Figure \(\PageIndex{4}\): Portrait of English natural philosopher, architect Robert Hooke FRS (1635 - 1703).
    Figure \(\PageIndex{5}\): Danish scientist, physician, grammarian, and poet Ole Borch (1626 - 1690).
    Figure \(\PageIndex{6}\): Russian scientist and writer Mikhail Vasilyevich Lomonosov (1711 - 1765).
    Figure \(\PageIndex{7}\): French chemist and pharmacist Pierre Bayen (1725 - 1798).

    The phlogiston theory was postulated in 1667 by the German alchemist J. J. Becher, and modified in 1731 by the chemist Georg Ernst Stahl. Phlogiston theory stated that all combustible materials were made of two parts. One part, called phlogiston, was given off when the substance containing it was burned, while the dephlogisticated component was thought to be its true form, or calx. Highly combustible materials that leave little residue (e.g., wood) were thought to mostly comprise of phlogiston, while non-combustible substances that corrode (e.g., iron) contained very little phlogiston. Air did not play a role in phlogiston theory, instead, it was based on observations of what happens when something burns, that most common objects appear to become lighter and seem to lose something in the process. However, one observation that overturned phlogiston theory was that metals, gain weight in rusting when they were supposedly losing phlogiston!

    Oxygen was first discovered by Carl Wilhelm Scheele (Figure \(\PageIndex{9}\) ) by heating mercuric oxide (HgO). Scheele called the gas fire air because it was the only known supporter of combustion. He wrote an account of this discovery in a manuscript (Treatise on Air and Fire) submitted in 1775. Unfortunately for Scheele his work was not published until 1777. In August 1774, an experiment conducted by Joseph Priestley (Figure \(\PageIndex{9}\)) sunlight on mercuric oxide (HgO) inside a glass tube, which liberated a gas he named dephlogisticated air. Priestley noted that candles burned brighter in this gas. He even went as far as breathing the gas himself, after which he wrote: "The feeling of it to my lungs was not sensibly different from that of common air, but I fancied that my breast felt peculiarly light and easy for some time afterwards." Priestley published his findings in 1775. Because he published his findings first, Priestley is usually given credit for the discovery of what became known as oxygen.

    Figure \(\PageIndex{8}\): Swedish chemist Carl Wilhelm Scheele (1742 – 1786). Isaac Asimov called him "hard-luck Scheele" because he made a number of chemical discoveries before others who are generally given the credit.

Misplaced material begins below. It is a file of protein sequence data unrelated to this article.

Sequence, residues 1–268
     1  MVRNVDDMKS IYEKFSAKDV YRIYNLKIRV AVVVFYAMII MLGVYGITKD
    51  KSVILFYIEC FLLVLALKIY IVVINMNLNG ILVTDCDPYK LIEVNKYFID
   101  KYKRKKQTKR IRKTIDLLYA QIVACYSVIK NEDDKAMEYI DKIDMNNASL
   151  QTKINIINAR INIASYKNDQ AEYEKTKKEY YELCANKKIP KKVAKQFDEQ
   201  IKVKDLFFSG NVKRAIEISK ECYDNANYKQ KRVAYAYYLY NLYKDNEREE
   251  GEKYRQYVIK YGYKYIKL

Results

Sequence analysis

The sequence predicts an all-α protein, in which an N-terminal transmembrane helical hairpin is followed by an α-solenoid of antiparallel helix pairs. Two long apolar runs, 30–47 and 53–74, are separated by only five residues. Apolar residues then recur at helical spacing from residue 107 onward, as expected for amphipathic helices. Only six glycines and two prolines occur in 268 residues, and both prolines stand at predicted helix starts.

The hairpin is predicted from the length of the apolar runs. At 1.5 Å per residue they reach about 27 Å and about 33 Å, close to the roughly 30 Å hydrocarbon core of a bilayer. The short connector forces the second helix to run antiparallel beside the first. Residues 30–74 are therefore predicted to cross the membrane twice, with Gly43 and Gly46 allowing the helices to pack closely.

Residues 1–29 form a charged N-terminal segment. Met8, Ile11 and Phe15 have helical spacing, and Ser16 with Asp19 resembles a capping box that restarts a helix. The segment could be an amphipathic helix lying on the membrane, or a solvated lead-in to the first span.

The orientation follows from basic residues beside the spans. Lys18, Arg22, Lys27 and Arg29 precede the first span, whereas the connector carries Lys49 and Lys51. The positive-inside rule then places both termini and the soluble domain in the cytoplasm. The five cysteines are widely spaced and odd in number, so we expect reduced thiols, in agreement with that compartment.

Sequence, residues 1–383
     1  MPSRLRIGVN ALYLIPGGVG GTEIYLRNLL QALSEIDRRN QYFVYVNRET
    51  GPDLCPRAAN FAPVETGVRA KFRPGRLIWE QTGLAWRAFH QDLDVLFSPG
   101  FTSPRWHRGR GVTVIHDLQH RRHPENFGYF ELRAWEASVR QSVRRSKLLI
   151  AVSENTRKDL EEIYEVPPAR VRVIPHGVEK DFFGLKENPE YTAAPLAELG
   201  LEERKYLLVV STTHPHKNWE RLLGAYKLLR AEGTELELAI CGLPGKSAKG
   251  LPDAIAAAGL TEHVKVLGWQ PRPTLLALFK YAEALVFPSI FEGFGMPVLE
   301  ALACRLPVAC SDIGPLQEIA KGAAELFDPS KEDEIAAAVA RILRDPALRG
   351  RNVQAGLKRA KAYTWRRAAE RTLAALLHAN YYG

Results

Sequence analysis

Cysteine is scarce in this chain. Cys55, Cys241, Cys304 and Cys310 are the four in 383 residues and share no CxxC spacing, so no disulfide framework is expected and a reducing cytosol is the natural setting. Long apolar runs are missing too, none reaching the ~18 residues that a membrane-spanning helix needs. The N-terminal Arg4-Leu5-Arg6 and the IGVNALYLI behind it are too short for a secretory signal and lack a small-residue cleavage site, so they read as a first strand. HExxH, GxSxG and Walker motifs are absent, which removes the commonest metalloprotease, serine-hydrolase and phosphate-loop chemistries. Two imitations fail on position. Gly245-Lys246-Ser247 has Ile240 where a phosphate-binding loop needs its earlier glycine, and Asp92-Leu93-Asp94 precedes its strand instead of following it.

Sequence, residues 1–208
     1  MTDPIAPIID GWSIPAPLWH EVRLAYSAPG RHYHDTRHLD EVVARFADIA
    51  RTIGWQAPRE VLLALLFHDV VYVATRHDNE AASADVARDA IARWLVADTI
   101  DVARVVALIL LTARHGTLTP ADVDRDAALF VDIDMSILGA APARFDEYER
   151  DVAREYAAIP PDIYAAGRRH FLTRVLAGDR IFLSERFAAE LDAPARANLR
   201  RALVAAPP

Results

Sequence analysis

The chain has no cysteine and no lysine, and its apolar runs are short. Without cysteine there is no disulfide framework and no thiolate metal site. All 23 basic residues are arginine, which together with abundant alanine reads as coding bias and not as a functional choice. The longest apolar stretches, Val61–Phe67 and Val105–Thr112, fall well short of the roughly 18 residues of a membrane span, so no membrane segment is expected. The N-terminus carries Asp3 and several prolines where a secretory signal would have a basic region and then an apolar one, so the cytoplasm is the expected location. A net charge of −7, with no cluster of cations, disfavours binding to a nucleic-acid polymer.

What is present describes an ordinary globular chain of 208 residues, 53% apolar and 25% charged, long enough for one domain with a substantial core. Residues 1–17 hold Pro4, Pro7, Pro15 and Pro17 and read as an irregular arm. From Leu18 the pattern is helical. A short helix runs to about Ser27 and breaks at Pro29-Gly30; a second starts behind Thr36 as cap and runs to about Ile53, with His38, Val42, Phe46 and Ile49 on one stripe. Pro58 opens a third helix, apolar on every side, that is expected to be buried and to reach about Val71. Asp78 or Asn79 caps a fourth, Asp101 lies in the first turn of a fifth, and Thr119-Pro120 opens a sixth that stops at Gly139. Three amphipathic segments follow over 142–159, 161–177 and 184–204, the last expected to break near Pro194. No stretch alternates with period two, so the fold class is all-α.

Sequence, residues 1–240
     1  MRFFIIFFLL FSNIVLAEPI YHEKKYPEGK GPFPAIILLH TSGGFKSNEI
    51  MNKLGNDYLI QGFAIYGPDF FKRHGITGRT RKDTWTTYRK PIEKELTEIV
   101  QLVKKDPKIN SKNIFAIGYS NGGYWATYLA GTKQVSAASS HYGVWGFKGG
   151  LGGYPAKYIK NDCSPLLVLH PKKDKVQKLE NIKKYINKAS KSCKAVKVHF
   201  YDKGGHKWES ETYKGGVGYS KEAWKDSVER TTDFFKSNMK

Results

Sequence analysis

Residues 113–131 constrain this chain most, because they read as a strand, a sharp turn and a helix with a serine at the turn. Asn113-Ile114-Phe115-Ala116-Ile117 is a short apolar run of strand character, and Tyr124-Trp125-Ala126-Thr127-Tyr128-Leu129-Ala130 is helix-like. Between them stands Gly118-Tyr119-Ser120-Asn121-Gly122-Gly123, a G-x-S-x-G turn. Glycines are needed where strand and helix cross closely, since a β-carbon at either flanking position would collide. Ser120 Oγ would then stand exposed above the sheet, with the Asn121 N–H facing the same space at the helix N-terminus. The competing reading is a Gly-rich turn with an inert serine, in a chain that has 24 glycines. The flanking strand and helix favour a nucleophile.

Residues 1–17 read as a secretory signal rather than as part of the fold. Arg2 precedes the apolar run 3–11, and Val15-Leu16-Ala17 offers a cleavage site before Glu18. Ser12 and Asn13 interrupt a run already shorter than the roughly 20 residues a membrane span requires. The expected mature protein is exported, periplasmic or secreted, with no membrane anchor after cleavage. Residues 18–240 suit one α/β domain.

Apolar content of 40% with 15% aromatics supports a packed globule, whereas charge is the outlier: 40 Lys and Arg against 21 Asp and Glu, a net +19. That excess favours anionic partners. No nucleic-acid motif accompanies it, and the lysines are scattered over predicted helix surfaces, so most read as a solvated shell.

Figure \(\PageIndex{9}\): Portrait (by Ellen Sharples) of British clergyman natural philosopher, educator, and political theorist Joseph Priestley (1733 - 1804).

    Interestingly, Lavoisier (Figure \(\PageIndex{10}\)) claimed to have discovered this new substance independently. However, Priestley visited Lavoisier in October 1774 and told him about his experiment and how he liberated the new gas. Furthermore, Scheele also posted a letter to Lavoisier on September 30, 1774 that described his own discovery. Lavoisier never acknowledged receiving it, however, a copy of the letter was found in Scheele's belongings after his death.

    Figure \(\PageIndex{10}\): Line engraving (by Louis Jean Desire Delaistre) of the French chemist and biologist Antoine-Laurent de Lavoisier (1743 - 1794) often refereed to as the father of modern chemistry due to his extensive contributions.

    Raoul Pictet (figure 11) showed that by the evaporation of liquid sulfur dioxide (SO2), carbon dioxide could be liquefied, which in turn was evaporated to cool oxygen gas enough to liquefy it. Pictet reported his results on December 22, 1877. Two days later, Louis Cailletet (Figure \(\PageIndex{12}\)) announced his own method of liquefying oxygen. In both cases only a few drops could be produced, making analysis difficult. In 1891 James Dewar (Figure \(\PageIndex{13}\)) was able to produce enough liquid oxygen to study. However, it was the process developed independently by Carl von Linde (Figure \(\PageIndex{14}\)) and William Hampson (1854 - 1926).

    Figure \(\PageIndex{11}\): Swiss chemist and physicist Raoul Pierre Pictet (1846 - 1929).
    Figure \(\PageIndex{12}\): French physicist Louis Paul Cailletet (1832 - 1913).
    Figure \(\PageIndex{13}\): Scottish chemist and physicist Sir James Dewar FRS (1842 - 1923).
    Figure \(\PageIndex{14}\): German engineer Carl Paul Gottfried von Linde (1842 - 1934).


    Sulfur was known in ancient times and is referred to in the Bible. English translations of the Bible commonly referred to burning sulfur as brimstone, giving rise to the name of fire-and-brimstone sermons, in which listeners are reminded of the fate of eternal damnation that await the unbelieving and unrepentant. It is from this part of the Bible that Hell is implied to smell of sulfur (likely due to its association with volcanic activity). Sulfur ointments were used in ancient Egypt, while it was used for fumigation in Greece. A natural form of sulfur known as shiliuhuang was known in China since the 6th century BC. However, it was not until 1777 that Lavoisier (Figure \(\PageIndex{10}\)) convinced the scientific community that sulfur was an element and not a compound.